Over 10 thousand samples of more than 50 different food items were tested at the Institute of Public Health in 2012-13. About 60 percent of the samples were found adulterated or contaminated. Only the samples of sesame (til) oil, black pepper (gol morich) and fenugreek (methi) were reported safe.
Mixing of lower quality ingredients is adulteration and adding toxic chemicals is contamination. Both are widely practised in the country, said Dr Tahmeed Ahmed, director at the Centre for Nutrition & Food Security of ICDDR, B.
The chemicals used in food include formalin, calcium carbide, sodium cyclamate, colouring agents, dye, urea, DDT, aldrin, chlordane, heptachlor, melamine, burnt engine oil, hormone and sulphuric acid.
Studies have also detected the presence of heavy metals like chromium, arsenic, antibiotics and banned pesticides in food. Besides, there are major loopholes in hygiene practices that cause microbial growth in food.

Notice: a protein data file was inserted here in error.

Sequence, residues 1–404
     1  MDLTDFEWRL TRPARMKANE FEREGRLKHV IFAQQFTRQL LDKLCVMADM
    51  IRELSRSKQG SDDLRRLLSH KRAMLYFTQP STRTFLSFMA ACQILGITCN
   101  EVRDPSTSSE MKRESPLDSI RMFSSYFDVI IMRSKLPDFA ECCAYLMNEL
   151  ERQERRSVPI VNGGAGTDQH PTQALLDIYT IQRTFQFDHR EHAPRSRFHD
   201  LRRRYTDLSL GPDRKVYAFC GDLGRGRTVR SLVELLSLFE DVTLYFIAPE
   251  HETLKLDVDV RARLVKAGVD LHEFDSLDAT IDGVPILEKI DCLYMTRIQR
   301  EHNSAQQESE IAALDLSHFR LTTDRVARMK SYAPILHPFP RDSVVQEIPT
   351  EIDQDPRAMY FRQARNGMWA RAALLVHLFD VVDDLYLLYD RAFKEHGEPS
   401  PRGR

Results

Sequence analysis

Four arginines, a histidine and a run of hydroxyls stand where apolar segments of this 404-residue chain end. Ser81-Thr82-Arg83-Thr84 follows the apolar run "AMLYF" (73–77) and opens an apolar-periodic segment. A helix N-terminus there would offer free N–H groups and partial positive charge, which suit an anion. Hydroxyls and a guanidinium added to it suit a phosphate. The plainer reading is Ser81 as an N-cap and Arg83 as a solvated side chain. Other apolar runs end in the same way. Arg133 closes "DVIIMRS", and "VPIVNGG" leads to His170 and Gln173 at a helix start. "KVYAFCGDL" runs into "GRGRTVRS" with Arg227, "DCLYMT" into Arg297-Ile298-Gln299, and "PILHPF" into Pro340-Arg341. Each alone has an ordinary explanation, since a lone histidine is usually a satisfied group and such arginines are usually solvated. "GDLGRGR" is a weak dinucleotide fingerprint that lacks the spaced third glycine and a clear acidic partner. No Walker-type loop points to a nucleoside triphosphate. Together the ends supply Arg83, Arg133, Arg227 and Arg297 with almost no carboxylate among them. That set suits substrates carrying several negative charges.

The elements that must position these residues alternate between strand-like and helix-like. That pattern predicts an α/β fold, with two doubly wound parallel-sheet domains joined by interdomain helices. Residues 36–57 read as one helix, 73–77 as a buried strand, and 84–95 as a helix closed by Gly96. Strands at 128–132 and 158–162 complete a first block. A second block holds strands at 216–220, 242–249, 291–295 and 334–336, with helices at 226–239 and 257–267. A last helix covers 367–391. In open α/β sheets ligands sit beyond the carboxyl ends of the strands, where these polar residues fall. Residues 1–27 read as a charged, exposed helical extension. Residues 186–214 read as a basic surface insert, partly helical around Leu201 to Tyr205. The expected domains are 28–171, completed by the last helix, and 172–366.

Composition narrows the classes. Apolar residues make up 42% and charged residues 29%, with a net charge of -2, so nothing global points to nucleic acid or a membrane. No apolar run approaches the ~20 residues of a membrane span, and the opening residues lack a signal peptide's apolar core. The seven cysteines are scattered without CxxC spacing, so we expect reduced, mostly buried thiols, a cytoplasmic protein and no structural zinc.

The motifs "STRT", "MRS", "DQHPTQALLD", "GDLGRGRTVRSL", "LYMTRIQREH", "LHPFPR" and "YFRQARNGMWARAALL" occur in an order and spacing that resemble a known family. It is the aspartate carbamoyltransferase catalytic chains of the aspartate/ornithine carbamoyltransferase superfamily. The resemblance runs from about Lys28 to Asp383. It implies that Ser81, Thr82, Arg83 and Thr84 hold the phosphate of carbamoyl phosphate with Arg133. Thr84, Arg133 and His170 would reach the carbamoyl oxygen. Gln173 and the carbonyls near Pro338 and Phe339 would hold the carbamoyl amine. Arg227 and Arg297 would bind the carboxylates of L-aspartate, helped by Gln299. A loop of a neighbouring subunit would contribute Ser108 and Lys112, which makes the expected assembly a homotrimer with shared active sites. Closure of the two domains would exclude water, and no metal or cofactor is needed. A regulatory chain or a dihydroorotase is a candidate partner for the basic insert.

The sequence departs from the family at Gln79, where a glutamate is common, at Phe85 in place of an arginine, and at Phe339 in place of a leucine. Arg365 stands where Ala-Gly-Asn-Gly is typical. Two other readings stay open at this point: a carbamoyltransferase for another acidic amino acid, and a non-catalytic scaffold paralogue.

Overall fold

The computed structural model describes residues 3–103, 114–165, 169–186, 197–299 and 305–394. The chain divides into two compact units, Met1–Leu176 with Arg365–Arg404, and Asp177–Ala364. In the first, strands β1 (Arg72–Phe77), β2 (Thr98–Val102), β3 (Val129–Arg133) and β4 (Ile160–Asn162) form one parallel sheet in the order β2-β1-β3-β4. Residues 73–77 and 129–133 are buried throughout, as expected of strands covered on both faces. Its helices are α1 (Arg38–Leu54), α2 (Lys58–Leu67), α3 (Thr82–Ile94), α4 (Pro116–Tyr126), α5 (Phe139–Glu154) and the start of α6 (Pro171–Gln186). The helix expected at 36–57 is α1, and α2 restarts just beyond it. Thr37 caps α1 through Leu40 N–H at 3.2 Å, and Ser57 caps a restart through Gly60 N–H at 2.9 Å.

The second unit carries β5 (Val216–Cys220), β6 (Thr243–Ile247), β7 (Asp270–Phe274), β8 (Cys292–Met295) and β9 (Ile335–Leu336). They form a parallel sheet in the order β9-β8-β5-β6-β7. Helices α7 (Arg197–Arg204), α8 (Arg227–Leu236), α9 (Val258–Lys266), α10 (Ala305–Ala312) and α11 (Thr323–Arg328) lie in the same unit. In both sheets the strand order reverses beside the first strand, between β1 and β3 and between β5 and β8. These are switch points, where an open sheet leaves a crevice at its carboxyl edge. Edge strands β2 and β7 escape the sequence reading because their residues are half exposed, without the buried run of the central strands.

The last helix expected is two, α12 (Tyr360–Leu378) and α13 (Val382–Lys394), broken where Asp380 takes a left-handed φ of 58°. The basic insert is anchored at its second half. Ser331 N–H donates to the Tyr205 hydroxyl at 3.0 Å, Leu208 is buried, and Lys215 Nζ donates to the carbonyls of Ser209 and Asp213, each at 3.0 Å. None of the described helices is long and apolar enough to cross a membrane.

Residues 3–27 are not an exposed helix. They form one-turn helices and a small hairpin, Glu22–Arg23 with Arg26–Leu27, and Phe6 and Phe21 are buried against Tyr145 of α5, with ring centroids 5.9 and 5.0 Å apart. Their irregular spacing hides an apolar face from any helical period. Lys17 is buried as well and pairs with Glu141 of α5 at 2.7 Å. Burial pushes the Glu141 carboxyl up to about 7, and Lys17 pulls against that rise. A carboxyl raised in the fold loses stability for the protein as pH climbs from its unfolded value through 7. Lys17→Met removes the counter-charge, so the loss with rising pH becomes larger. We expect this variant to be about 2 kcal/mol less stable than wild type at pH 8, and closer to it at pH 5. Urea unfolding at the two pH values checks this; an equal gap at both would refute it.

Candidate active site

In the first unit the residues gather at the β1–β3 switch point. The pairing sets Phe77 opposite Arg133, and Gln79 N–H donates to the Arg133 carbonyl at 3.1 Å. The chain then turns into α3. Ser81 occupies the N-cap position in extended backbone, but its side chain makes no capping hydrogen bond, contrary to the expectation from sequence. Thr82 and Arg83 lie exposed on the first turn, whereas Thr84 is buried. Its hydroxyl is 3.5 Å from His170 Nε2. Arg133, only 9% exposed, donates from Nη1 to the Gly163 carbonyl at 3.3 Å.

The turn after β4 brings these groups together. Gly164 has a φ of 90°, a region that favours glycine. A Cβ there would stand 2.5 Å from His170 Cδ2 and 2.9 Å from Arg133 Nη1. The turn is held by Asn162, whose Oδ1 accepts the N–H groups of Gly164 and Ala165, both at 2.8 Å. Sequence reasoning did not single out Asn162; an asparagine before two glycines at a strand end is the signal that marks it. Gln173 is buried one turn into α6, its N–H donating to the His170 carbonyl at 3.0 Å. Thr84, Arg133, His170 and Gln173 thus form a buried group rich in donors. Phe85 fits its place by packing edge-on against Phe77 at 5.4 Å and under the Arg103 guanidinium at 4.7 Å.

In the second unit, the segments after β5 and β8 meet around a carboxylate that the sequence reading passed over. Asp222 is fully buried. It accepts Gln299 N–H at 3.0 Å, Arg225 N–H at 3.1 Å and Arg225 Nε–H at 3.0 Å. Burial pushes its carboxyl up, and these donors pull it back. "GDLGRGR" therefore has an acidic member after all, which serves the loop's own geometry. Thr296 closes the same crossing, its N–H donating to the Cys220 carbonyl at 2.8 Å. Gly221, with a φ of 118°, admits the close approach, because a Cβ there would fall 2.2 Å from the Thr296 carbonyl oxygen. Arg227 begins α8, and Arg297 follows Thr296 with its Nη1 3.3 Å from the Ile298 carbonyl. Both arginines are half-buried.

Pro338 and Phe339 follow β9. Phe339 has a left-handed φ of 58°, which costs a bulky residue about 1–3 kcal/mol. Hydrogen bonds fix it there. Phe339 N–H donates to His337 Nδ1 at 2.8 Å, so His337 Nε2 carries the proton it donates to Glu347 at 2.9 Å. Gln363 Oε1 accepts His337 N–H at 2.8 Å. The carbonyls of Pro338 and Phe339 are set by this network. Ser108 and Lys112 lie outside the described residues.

Food adulteration and contamination pose a serious threat to public health, especially in a country like Bangladesh where the level of awareness among the masses is very low due to poor literacy.
The ensuing health hazards include diseases like cancer, kidney or liver failures, memory loss, respiratory problems, infertility, kidney stone and damage of the cardiac system.
There is no database in the country on such crucial factors, but the recent surge in the number of patients suffering from liver/kidney failure indicates a deteriorating situation.